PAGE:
Sometimes it is best to get back to basics so that you can master certain things and calligraphy is no exception to this rule. As you advance as a calligrapher, you will notice that your development curve is not as steep as the learning curve.
You will be disheartened but fear now we have compiled a list of ways that answer the question of how to use calligraphy pen.
We will be covering
- The materials needed
- Proper way of holding the pen
- Basic Strokes and Construction
Here is a list of things you need but, more importantly, the proper way of taking care of them.
While the perfect nob for you might come with a lot of trial and error, it is important to at least familiarize yourself with the types of nibs that are available to you. We would suggest you try as many nibs as possible and below are a few that are perfect for beginners.
Nikko/Zebra G – These nibs are not too soft or not too hard and serve as an excellent starting point for finding your preference. Their stiffness also grants the user better control and this helps immensely if you are new.
Hunt 101 – A flexible nib with a point these are great if you are looking for less resistance. The flexibility leads to the thick down strokes and the sharp point lets you do fine hairlines.
The hairlines are very important as it looks good in contrast to the thicker strokes. All this can be achieved by one pen, which makes it really impressive.
Hunt 22 – Slightly softer than the G nibs, the Hunt 22 is a just a little less resistant than its Zebra counterpart.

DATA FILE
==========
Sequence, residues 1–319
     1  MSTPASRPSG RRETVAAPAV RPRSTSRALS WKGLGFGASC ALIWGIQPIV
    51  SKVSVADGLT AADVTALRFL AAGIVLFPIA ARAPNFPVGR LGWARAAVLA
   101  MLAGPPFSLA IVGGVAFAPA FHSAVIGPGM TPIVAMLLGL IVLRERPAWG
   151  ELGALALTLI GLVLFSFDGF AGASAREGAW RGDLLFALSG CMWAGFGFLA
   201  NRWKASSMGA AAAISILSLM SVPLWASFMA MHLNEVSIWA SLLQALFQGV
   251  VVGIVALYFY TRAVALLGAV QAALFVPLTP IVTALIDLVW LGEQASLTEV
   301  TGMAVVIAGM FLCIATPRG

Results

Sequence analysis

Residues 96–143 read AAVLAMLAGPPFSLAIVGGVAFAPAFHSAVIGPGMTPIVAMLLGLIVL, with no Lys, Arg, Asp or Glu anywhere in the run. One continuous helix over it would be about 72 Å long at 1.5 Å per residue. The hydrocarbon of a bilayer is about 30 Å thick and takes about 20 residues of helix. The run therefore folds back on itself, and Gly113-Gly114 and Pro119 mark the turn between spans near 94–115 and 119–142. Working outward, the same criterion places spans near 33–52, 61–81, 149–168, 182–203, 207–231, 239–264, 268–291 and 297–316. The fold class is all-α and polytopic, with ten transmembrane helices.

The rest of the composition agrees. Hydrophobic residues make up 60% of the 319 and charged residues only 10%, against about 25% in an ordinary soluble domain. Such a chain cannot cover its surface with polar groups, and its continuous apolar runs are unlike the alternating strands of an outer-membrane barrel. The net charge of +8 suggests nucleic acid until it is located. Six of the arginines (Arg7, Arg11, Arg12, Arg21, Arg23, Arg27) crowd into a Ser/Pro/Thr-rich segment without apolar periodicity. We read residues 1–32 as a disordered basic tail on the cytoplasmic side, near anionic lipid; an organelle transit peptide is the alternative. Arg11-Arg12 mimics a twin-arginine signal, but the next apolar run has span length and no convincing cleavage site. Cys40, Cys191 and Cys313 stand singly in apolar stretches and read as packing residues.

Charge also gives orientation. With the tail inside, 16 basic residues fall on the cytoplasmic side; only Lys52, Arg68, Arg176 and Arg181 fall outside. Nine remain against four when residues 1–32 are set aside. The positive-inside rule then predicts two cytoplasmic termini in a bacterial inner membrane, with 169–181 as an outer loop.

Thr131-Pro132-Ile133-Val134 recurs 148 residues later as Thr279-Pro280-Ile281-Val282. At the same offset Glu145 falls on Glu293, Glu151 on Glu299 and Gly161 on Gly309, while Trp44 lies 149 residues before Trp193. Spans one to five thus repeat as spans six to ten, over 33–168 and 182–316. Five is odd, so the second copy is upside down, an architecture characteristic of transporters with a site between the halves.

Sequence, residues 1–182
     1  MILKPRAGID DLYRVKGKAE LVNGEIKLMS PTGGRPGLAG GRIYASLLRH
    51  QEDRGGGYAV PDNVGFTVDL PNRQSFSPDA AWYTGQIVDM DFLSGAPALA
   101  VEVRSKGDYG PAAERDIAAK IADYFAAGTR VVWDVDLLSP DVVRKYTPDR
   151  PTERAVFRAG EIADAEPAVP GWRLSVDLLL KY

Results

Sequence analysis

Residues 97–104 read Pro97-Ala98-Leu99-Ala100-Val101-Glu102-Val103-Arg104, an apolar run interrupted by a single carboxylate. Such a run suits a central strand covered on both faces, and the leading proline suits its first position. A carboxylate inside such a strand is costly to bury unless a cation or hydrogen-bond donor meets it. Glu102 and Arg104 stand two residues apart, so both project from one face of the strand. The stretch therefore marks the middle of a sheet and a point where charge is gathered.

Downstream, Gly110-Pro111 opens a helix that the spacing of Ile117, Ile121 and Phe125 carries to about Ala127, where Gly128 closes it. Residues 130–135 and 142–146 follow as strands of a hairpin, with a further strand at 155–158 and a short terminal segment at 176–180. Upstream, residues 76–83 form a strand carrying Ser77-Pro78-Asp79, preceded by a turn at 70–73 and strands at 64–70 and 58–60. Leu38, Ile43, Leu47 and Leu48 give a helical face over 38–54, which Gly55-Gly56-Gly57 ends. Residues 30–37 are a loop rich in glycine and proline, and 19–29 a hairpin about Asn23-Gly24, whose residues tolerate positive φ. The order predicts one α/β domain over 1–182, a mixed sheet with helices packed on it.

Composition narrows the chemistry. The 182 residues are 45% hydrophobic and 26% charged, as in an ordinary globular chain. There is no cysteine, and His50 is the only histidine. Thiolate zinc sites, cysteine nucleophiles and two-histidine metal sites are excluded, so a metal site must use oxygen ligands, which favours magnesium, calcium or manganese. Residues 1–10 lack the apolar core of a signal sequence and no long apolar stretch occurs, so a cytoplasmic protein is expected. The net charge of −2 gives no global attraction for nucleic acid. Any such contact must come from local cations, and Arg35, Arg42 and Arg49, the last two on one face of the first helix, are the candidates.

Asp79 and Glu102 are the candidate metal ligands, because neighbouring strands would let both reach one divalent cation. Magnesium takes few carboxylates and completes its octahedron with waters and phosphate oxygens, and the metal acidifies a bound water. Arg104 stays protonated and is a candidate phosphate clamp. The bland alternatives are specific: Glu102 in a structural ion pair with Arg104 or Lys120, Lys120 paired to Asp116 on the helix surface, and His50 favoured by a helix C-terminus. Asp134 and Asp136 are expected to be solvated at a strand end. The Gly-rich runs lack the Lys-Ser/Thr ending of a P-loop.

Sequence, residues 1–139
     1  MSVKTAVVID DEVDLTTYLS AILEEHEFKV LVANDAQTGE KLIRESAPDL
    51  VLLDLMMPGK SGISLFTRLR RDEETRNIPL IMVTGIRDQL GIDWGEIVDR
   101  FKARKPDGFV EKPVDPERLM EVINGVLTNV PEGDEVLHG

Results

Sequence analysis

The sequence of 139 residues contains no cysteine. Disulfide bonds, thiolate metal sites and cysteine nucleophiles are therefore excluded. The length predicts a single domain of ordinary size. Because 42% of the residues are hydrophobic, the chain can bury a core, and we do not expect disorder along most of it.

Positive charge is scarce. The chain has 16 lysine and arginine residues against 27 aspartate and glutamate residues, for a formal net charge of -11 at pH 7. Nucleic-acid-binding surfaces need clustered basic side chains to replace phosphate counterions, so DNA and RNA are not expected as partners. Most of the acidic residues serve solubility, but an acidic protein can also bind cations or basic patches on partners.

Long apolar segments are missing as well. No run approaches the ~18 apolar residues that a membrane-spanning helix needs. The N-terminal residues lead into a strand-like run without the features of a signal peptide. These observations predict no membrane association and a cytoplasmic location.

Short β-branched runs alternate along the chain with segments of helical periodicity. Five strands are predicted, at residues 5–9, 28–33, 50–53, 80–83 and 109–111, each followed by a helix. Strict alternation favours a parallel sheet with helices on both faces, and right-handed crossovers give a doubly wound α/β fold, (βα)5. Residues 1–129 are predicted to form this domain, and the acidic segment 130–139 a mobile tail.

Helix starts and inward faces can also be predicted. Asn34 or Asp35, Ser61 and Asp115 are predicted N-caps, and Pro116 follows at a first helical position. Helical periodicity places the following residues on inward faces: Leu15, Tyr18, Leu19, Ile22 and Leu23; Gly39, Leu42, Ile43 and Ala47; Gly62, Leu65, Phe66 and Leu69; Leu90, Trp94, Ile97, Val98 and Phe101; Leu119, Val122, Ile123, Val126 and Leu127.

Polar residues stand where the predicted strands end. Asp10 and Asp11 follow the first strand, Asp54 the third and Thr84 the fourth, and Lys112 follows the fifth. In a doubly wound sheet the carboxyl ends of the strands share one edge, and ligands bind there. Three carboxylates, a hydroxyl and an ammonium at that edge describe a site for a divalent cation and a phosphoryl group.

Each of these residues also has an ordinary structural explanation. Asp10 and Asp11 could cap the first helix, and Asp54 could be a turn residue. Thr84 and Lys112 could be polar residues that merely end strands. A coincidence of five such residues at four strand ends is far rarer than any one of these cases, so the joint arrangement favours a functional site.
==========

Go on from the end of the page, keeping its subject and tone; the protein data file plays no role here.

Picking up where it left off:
If you can get a hold of some vintage nibs, we would highly suggest that too.
Some of the vintage nibs we recommend are
Blanzy 2552 – It has a sharp tip that is immune to snag or drag on the paper. Even with such qualities, it is still soft enough to create contrasts between your thin and thick strokes.
Henry 605 – This has an odd shape yet still is functional. It has a huge ink receive, which means you can work for a longer time without worrying about dipping your pen in the ink.
How to break in new Calligraphy Nibs
Breaking in is the process of preparing your nibs before you actually start using them. For this, you need to take off the oil coating that the manufacturer has put on the nib.
The oil forms a protective layer over the nib to prevent rusting. Before you even think of dipping your pen in ink it is necessary to clean this oil layer off. It is very essential and failure to do so will lead to oil and ink being mixed. Due to the oily layer, the ink won’t stay on the nib for long and will make it impossible to use the nib.
Here are a few ways to remove the oil from the nib
1. Rubbing alcohol/Acetone
With a cotton swab or a clean cloth, rub some alcohol or acetone on the nob. This should clean off the oil layer and make your pen ready for use.
Apply a bit of paste on your toothbrush and gently scrub both sides of the nib. You need to gentle while scrubbing so that you do not damage the nib in any way.
Once the scrubbing part is done, rinse it under water and dry it off with a paper towel or a clean rag.
Yup, you read that right. Putting your nib in a potato is a great way to get rid of the protective oil layer on your nib. Stick the nib in a potato and leave it for 15-20 min. Do not stick the whole nib as it will be harder to pull it out.
After 15-20 minutes, you will have a nib that is ready to take you on an artistic adventure.
Mainly these are of two types
The oblique holder places your nib at an angle and makes it easy for your neck and shoulder if you work for many hours straight. The straight holder is like a pen.
Make sure your working setup, that is, the table and chair, are comfortable as you will be spending a lot of time on them.
The normal paper could work but only if it is bleed proof. It is best suited for practice only. Rhodia paper has the best paper quality and if you can afford a whole pad I would suggest getting it from the very beginning. While selecting the pads make sure that:
- The ink doesn’t bleed
- The surface is extremely smooth so that there is no snag or drag while you practice.